My book is out on 25th March, which is just as well as I can barely string a sentence together on here these days. It is a versatile text which can be used as a motivational performance-enhancing handbook, as light reading between job applications, or as fuel for a makeshift protest bonfire. The blurb is here. Many thanks to Angela at s0metim3s for the endorsement, and thanks also to those who have trailed the book on their much-more-widely-read blogs and Twitters.

The book is on sale through the usual virtual outlets. It will also be available, along with other Zero titles, in Brighton's lovely Cowley Club Bookshop, and possibly at other places too, to be confirmed. If you buy it, I hope you'll like it.



So, having tripped over precarity at the start of my nerve-jangling journey into understanding the experience of temporary work and 'jobseeking', I seem to have stumbled upon autonomy on the way out.

There are some interesting parallels between the themes covered in my book and those in Bifo Berardi's The Soul at Work: for instance, the power of technology to restrict as well as liberate, and the use of anxiety and debt as control mechanisms. Berardi also explores abstract areas I was wary of straying too far into as a relative novice, particularly drawing on Deleuze/Guattari to contextualise these themes.

Most strikingly, from different starting points we both arrived at the idea of re-activating resistance through adopting a position of "estrangement". Signalling another autonomist, Mario Tronti, Bifo writes:

Only the estrangement from labor makes liberatory dynamics possible. ... The concept of estrangement implies an intentionality that is determined by an estranged behaviour. Estranged from what? From all forms of labor dependent on capital. Workers do not suffer from their alienation when they can transform it into active estrangement, that is refusal.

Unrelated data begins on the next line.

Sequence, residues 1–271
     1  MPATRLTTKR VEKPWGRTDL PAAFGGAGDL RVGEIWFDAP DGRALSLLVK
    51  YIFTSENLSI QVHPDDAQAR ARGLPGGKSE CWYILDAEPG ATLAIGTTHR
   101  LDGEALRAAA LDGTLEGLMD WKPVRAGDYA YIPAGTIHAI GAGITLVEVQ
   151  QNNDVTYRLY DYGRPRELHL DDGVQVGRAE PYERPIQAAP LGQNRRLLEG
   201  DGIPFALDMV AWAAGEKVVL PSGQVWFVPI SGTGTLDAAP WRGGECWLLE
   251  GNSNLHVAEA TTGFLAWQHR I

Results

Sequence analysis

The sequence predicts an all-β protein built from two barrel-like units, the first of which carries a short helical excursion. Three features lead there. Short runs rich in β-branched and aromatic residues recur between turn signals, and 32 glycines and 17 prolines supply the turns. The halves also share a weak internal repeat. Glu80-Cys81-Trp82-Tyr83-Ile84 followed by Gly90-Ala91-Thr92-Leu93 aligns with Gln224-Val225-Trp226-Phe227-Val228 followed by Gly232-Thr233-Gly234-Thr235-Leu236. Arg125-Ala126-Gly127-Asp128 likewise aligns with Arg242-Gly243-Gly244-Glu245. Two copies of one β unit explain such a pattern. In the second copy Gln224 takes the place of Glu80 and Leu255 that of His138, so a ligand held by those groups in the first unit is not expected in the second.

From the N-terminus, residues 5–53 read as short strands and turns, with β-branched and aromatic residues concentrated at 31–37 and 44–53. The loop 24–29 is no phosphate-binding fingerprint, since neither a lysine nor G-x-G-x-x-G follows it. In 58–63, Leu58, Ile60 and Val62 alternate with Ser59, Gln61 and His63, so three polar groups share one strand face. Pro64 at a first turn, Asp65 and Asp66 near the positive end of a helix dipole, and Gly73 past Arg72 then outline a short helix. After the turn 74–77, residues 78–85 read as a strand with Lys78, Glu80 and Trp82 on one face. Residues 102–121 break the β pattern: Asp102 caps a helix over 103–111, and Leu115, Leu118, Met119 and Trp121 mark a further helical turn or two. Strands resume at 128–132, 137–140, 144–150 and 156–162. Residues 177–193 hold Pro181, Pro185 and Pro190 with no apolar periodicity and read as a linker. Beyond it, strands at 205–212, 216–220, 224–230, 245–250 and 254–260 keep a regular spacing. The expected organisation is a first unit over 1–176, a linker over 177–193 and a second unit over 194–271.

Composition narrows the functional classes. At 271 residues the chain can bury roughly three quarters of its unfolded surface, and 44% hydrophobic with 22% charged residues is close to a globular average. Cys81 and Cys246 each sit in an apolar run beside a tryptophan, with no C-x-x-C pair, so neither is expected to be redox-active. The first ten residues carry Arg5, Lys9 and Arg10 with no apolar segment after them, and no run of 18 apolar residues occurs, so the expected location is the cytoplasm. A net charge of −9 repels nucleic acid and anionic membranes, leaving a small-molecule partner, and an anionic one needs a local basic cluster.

However, the integrated power of what Berardi calls "semiocapitalism", structured by the global reach of digital communication networks, has eroded those mental and geographical boundaries which the under-pressure worker/jobseeker/student/consumer would previously have fought to maintain. The duties of alienated labour are now diffused into every corner of life. Under such conditions it is increasingly difficult to impose temporal or spatial limits on work which is as mobile and insidious as its sources and products are seemingly ungraspable. "Both simple executing workers and entrepreneurial managers share the vivid perception that they depend on a constant flow that cannot be interrupted and from which they cannot step back save at the price of being marginalized."

The initial challenge, then, for the subject programmed to circulate inside this matrix of flexible labour and corporatized education, permanent debt and commodified emotion, is to try to step back from the semiotic flow and re-claim those spaces which have been lost to the rising tide of capital; to somehow distance oneself from the ideology while immersed in it, to find ways to refuse when refusal is impossible.

Overcoming these contradictions involves thinking tactically: opposing assumptions of endless flexibility and availability with suggestions of inflexibility/unavailability, highlighting the superficiality of the obligatory performances of customer service, disengaging from the incessant language of aspiration. These are all small attempts to direct alienation outwards into a relation of estrangement, and to collectively and cumulatively build this into a weapon of mass refusal.